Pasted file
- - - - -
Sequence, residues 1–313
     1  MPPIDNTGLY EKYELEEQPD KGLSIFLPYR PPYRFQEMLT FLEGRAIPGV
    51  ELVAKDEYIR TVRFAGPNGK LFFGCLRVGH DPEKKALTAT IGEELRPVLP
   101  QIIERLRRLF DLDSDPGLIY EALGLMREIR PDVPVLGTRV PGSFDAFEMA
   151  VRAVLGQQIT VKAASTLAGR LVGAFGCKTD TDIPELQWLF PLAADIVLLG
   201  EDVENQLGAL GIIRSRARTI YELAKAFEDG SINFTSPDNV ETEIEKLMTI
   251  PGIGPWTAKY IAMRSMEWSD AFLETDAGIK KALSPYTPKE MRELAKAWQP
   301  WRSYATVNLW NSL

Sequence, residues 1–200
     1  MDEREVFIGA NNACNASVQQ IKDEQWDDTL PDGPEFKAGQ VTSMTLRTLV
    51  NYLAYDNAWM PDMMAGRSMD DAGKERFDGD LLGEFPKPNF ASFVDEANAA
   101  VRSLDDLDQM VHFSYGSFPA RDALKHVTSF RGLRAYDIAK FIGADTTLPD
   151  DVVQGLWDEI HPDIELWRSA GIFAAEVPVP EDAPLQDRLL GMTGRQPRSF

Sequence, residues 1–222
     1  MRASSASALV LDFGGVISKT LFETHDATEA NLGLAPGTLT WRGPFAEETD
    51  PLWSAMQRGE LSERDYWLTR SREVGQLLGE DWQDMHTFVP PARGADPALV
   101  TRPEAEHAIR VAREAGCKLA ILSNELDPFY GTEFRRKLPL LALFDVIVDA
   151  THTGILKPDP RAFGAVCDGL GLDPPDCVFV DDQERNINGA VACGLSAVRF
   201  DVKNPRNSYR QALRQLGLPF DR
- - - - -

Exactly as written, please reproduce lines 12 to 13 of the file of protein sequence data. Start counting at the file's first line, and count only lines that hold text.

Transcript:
   101  VRSLDDLDQM VHFSYGSFPA RDALKHVTSF RGLRAYDIAK FIGADTTLPD
   151  DVVQGLWDEI HPDIELWRSA GIFAAEVPVP EDAPLQDRLL GMTGRQPRSF